But sometimes it's nice to try something a little different. If you're ready to shake up your Thanksgiving, here are some unique ideas that will make the holiday unforgettable.
Hold a pre-Turkey Day "experimental potluck." Erik Fabian, owner of DoubleHappinessNYC.com, hosts an experimental potluck with his girlfriend every year, a week or two before Thanksgiving. "The idea is to encourage people to practice some new dish they have always wanted to try on Turkey Day or to make up for past failures with a redo." So if you've been eying aRead More »from Six Ways to Make This Thanksgiving an Unforgettable Celebration
- bon appétit magazine | Thanksgiving – Tue, Nov 17, 2009 10:51 PM EST
Pies, crisps, tarts, and cheesecake: Here are 12 luscious ways to finish the feast.
Related: 6 Tips to a Stress-Free Thanksgiving
More from Bon Appétit:
1. The Bigger the Turkey, the BetterRead More »from The 5 Biggest Thanksgiving Food Myths Debunked
When I was a kid, my mom took me to the supermarket a week before Thanksgiving and let me pick out the frozen turkey. I went for the one with the biggest breasts. Done laughing? Here's the thing, the ones with big breasts don't have much flavor. According to Rick Rodgers, cooking teacher and author of Thanksgiving 101, you should compare the size of the breast to the size of the rest of the bird. "Larger-breasted turkeys are new breeds that were created to produce a larger amount of meat--not a better flavor. The smaller the ratio of breast meat to whole bird, the closer the turkey is to the original model and the more old-fashioned its flavor will be," he says. My advice, go with a fresh heritage turkey or crossbreed turkey.
Turkey Buying Guide: Everything You Need to Know About Buying and Cooking Turkey
2. Fresh Pumpkin is Better Than Canned Pumpkin
"Canned" isn't a bad word. Canned tuna and canned tomatoes have a place in the pantry of any
Everyone loves turkey-day leftovers, but there're only so many times you can re-heat mashed potatoes before they start to seem as bland as Uncle Ned's thoughts on classical jazz. Luckily, Better Homes & Gardens has come up with unexpected ways to re-purpose your Thanksgiving cornucopia into spicy, s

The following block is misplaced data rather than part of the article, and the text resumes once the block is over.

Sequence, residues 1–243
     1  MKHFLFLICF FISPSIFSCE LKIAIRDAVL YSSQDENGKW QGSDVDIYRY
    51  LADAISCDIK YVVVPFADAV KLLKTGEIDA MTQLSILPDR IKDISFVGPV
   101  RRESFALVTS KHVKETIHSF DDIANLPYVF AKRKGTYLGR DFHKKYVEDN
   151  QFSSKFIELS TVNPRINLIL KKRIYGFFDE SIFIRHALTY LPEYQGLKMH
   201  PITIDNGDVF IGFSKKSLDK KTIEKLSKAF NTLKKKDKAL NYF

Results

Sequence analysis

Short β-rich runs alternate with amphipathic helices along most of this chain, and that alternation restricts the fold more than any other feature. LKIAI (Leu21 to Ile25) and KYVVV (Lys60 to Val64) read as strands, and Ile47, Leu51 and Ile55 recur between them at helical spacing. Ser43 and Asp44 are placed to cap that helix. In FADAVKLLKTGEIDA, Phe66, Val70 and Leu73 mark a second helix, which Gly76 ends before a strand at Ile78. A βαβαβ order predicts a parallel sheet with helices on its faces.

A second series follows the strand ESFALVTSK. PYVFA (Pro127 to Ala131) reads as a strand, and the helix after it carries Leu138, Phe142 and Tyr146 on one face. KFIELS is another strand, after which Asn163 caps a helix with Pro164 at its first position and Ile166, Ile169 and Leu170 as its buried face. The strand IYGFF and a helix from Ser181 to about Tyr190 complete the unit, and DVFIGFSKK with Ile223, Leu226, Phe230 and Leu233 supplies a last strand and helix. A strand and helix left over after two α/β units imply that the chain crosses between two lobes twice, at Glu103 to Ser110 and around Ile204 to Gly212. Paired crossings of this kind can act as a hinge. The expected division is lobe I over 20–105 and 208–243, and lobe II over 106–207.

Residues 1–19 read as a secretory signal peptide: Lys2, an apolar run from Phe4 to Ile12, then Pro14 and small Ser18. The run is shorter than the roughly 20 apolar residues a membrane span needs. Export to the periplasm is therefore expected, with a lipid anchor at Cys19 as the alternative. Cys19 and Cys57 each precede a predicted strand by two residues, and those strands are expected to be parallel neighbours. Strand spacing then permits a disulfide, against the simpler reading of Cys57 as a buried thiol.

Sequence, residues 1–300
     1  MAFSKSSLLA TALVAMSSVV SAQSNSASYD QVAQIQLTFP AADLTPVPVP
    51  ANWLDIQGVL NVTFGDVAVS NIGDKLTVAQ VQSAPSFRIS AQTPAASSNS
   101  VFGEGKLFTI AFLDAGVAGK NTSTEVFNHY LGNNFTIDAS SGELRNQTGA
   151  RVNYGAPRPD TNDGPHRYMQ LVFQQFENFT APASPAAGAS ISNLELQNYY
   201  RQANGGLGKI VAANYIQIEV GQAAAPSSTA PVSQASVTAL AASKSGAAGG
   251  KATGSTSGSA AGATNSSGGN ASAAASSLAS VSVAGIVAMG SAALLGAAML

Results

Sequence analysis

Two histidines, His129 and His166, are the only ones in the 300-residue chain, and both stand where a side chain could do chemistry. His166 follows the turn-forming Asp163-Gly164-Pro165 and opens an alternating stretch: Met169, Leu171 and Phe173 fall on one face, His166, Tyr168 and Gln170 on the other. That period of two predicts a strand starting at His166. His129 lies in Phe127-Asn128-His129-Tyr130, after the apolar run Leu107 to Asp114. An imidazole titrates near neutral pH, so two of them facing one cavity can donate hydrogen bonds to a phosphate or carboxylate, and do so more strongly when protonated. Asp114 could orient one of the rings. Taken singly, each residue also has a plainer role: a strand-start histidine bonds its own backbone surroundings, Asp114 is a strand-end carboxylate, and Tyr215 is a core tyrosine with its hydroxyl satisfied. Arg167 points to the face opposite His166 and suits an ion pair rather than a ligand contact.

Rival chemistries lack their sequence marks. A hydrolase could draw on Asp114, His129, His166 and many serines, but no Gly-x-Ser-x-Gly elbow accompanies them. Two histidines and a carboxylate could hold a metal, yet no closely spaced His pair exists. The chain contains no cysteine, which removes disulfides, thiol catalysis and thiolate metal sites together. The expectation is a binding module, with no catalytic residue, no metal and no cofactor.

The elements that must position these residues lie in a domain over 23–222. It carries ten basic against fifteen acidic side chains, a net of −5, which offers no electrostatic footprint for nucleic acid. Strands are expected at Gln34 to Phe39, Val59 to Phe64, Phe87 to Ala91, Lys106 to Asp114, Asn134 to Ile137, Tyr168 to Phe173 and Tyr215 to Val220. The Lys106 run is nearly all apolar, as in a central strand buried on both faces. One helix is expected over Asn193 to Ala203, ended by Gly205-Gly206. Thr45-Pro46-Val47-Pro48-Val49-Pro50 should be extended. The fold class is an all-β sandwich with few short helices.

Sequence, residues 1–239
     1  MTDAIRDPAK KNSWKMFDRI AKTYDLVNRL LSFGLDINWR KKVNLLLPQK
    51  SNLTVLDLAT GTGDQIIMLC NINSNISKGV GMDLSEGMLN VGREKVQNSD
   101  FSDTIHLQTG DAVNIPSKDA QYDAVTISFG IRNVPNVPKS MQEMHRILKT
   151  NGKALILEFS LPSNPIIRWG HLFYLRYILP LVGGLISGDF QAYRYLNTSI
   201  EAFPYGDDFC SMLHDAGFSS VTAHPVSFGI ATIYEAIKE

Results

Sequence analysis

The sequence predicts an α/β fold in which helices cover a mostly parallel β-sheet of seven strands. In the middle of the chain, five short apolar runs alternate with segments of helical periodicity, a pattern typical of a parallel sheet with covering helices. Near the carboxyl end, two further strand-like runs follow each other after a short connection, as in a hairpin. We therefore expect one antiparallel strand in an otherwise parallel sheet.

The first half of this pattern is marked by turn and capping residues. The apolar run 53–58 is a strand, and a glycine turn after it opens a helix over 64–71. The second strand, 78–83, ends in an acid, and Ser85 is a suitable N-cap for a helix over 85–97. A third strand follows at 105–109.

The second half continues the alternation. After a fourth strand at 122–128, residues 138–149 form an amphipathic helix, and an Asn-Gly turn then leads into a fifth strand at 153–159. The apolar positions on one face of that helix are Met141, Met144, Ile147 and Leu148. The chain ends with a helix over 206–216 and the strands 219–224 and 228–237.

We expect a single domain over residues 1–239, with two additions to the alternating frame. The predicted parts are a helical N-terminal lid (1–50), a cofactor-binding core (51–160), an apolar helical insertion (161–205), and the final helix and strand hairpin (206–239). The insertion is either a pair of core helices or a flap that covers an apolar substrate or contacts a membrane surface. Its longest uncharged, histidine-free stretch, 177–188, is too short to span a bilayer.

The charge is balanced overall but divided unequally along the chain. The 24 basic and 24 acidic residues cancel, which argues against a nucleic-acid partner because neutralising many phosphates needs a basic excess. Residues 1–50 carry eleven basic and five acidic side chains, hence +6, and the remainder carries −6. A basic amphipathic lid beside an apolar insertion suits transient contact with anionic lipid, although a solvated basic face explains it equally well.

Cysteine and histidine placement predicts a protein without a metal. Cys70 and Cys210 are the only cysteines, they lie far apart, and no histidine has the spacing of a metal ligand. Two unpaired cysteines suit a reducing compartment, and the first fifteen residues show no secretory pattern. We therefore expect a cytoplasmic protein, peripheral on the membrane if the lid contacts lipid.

- The Editors of EatingWell Magazine | Thanksgiving – Tue, Nov 17, 2009 5:36 PM EST
For some people, Thanksgiving dinner is all about turkey or pumpkin pie. For my sister and me, it's all about mashed potatoes. The first thing we put on our plates is a big pile of potatoes-everything else is just garnish. When it's time to dig into leftovers, I always heat up mashed potatoes and gravy. But when I watched my mom make my beloved mashed potatoes one year (because I wanted to learn how to make them), I was horrified at all of the butter and cream she added.
But you can make delicious mashed potatoes that are healthier. Here are 4 recipes to try this Thanksgiving.
1. Use poached garlic and a small amount of reduced-fat sour cream to give Garlic Mashed Potatoes delicious flavor without a lot of fat. (The recipe can easily be doubled or tripled.)
2. Extra-sharp Cheddar and buttermilk add a tangy punch to Vermont Cheddar Mashed Potatoes. And, yes, we may be a bit biased, but we prefer Vermont Cheddar cheese.
3. Try something different and make LayeredRead More »from Mashed potatoes: just as good as Momâ€™s, but healthier
- GoodGuideEditor | Thanksgiving – Tue, Nov 17, 2009 3:07 AM EST
- Turkeys labeled "Natural" may actually have been treated with antibiotics and fed corn and soy meal grown with synthetic pesticides. The USDA defines "natural" as a turkey containing no artificial ingredients such as added flavors or colors, and that is only minimally processed. It turns out, this leaves out a lot. A turkey labeled "natural" can be fed grains grown with pesticides and raised on a farm that uses pesticides on their fields. Antibiotics can be used not only to treat illnesses, but also as growth promoters. Look for turkeys that are USDA Organic or that say "free of antibiotics".
- "Free range" turkeys may have never set foot outdoors. According to the USDA, "free range" means simply that the turkey "has been allowed access to the outside." This can mean that they are raised primarily in "range pens" or houses, and that there is a door to the "outside," which might simply be a cement patio. So "free range" turkeys may almost never see the range.